HiStory

The Life that Speaks

A few weeks ago, I visited the birthplace of George Washington Carver, born a slave in western Missouri. A nature walk takes you past the slave cabin close to where he was born, the spring where he drew water, the home of his owner, the path where he walked to school.

Along this walk are plaques of quotes from Carver. I should probably mention that his birthplace is a National Monument, created and maintained by the US Federal government. It’s somewhat surprising that the quotes that they chose to remember him capture the man of faith that he was. Not just an indiscriminate, vague faith in a higher being, Carver believed in God the Creator and His Son, Jesus Christ. In the plaques and other material from the Monument, this faith in God is clearly seen.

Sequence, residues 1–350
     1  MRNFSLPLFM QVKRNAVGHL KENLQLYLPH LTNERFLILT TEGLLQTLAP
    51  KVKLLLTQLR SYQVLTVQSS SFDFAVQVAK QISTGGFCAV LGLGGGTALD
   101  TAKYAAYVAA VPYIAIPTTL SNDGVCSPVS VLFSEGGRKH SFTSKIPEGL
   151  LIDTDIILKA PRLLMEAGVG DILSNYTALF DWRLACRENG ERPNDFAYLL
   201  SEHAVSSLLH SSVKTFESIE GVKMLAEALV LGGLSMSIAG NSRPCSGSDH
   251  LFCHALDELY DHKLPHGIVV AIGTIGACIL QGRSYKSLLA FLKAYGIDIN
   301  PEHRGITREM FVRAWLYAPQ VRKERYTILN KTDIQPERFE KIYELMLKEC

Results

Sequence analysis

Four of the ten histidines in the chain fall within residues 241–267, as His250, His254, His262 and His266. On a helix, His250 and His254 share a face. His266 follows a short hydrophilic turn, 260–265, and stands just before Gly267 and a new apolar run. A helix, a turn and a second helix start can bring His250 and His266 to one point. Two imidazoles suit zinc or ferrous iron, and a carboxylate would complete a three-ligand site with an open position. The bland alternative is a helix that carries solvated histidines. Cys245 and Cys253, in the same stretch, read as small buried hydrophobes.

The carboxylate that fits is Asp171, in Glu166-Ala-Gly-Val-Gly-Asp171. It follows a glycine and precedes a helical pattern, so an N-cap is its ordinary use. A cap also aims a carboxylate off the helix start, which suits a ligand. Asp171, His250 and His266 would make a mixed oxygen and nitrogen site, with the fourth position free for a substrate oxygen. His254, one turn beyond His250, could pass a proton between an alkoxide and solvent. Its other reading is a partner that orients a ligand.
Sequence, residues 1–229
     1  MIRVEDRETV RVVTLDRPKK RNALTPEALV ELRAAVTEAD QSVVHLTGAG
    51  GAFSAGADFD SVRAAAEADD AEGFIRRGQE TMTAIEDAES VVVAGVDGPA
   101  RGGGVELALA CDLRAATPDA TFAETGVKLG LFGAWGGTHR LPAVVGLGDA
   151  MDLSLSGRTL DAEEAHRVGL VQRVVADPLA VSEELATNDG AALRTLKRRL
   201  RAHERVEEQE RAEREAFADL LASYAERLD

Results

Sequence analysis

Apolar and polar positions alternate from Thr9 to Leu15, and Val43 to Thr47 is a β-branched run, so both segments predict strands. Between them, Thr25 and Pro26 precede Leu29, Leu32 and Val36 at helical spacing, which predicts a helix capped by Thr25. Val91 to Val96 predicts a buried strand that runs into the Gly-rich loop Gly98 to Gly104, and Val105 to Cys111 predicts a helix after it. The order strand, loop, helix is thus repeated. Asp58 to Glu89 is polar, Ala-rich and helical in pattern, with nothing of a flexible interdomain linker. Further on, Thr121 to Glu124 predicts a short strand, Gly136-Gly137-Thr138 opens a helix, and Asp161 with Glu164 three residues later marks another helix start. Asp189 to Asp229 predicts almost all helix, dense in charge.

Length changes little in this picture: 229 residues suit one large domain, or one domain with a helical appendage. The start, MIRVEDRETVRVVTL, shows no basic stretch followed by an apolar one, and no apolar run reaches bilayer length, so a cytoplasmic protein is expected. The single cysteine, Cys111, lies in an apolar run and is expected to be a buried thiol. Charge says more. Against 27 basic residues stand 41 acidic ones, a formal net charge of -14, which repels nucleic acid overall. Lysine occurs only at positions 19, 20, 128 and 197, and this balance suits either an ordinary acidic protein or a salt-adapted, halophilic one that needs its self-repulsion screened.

As I walked the path, it struck me: they could not tell Carver’s story without mentioning God.

I was impressed, humbled, and convicted.

Quote from George Washington Carver about service and selflessness.
Selfishness and self are at the bottom of a lot of troubles in the world. So many people fail to realize that serving God and one’s fellow man are the only worthwhile things in life. It is service that counts. — GWC 1938

The Story I Tell

One of my favorite Christian songs is “My Story” by the band Big Daddy Weave. The chorus ends with the phrase “To tell you my story is to tell of Him.”

The question lingers: if someone were to write my biography, would they be unable to write it if they had to take out my faith in Christ?

I have worked in overtly Christian organizations in the last decade. At the same time, I don’t want to just assume I’m “in the clear.” Is my faith obvious in my personal life, ambitions, hobbies, and motives? More importantly, would they tell my story because my faith in God compelled me to better the lives of those around me?

I will never change the world like George Washington Carver did, but I can still live a life that — when it is remembered — speaks clearly of Jesus Christ. May I aim to do so every day.

 

 

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